It was a few minutes before 6 a.m. when I arrived at the dwelling of Liza Cabiya-an, 39, and her 14 children. Liza was pouring coffee on a plate of rice as her five small children, including her youngest 11-month-old baby, huddled on the floor around her waiting to be served their breakfast. On a good day, Liza says breakfast would be pan de sal, or the classic Filipino salt bread, which they dip into hot instant coffee.

While the small children have their breakfast, Liza’s nine other children were still asleep, shoulder-to-shoulder, in a room of approximately 9-square meters.

The only appliances they have are the television and a DVD player. The glassless window provides natural ventilation to the space. Liza’s family lives on the third floor of a three-story tenement in a slum neighborhood in Paco, in the Philippines capital Manila. I had to go up a narrow wooden ladder to reach their dwelling. Residents of the tenement share the same toilet, which is on the second floor. Liza complains that there are nights when they have to endure the stink of the toilet, which is not regularly cleaned.

“Life is hard with so many children but we still try to have fun,” says Liza as she turns on the TV, inserts a music CD in the DVD player and, as if on cue, the little kids start to dance. The noise wakes up the rest of the brood. “I still remember the names and birthdays of each of them,” Liza boasts with a grin, revealing her decaying teeth. After a while, she turns off the music and half-jokingly says, “That’s it for now. Too much activity will make them hungry again.”
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Our Population is Ticking, Ticking, and Ticking Fast

by Eusebio Seballos on Sunday, September 9, 2012 at 1:12am

We feel and know that everyday life in the Philippines particularly in our cities is increasingly more dense, with more births.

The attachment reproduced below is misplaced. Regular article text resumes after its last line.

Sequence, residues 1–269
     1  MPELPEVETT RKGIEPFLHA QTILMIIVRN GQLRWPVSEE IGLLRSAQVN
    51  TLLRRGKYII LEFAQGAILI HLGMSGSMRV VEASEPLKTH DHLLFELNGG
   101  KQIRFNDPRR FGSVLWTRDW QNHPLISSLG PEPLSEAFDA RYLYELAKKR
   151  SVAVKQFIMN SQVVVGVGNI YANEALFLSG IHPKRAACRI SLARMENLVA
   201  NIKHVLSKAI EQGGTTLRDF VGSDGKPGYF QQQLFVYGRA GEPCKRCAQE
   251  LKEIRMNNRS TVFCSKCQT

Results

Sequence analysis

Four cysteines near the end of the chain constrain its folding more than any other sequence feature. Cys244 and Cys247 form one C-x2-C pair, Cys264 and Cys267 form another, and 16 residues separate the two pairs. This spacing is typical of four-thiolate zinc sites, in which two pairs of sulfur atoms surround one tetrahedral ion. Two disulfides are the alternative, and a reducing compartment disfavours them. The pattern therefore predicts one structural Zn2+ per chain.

Think about the population like a clock. It is ticking and ticking fast. The clock says that in 2011, the population was 103,775,002 (July 2011 est. from http://www.indexmundi.com). These year, it is 105,681,347(July 2012 my estimate based on population growth rate, r=1.9%). With each passing day, almost 5466 more births is added to our population.

By my estimation, our population will double to 208 million between 40 to 50 years using my derived formula of t = 70/r, where r is 1.9 (expressed as population growth rate without the percent).

Source: https://www.facebook.com/notes/eusebio-seballos/our-population-is-ticking-ticking-and-ticking-fast/10152098141920051

RH Bill: Key to Attaining Inclusive Growth

FULL DISCLOSURE By Fidel O. Abalos (The Freeman) Updated June 25, 2012 12:00 AM

The past several years, the country’s Gross Domestic Product (GDP) grew significantly. In fact, spurred by consumer demand, the resurgence of exports and investments as well as election-related spending, it grew considerably by 7.3% in 2010. Truth to tell, despite a very much maligned Arroyo administration, our economy parlayed the 2008-2009 recession better than our other Asian neighbors. Moreover, the boom in the outsourcing industry and the steadily increasing remittances from Overseas Filipino Workers (OFWs) that is now nearing US$2 billion per month have added impetus to a once sagging economy. Consequently, our economy grew at a yearly average of 4.5% the past decade.

Despite this rosy picture, however, poverty has worsened. Thus, our countrymen are wondering, why in heaven’s name we claim to have grown significantly and yet majority of our brethrens are languishing in poverty. Is it possible? Yes, it is. For one, economic growth is generally measured in terms of GDP. Increase in GDP does not necessarily trickle down to the grassroots. It simply means that the pace of growth is there but the path or pattern of growth does not cut through the working class or the masses. To put it bluntly, we certainly have “economic growth” but, absolutely, there is no “inclusive growth”.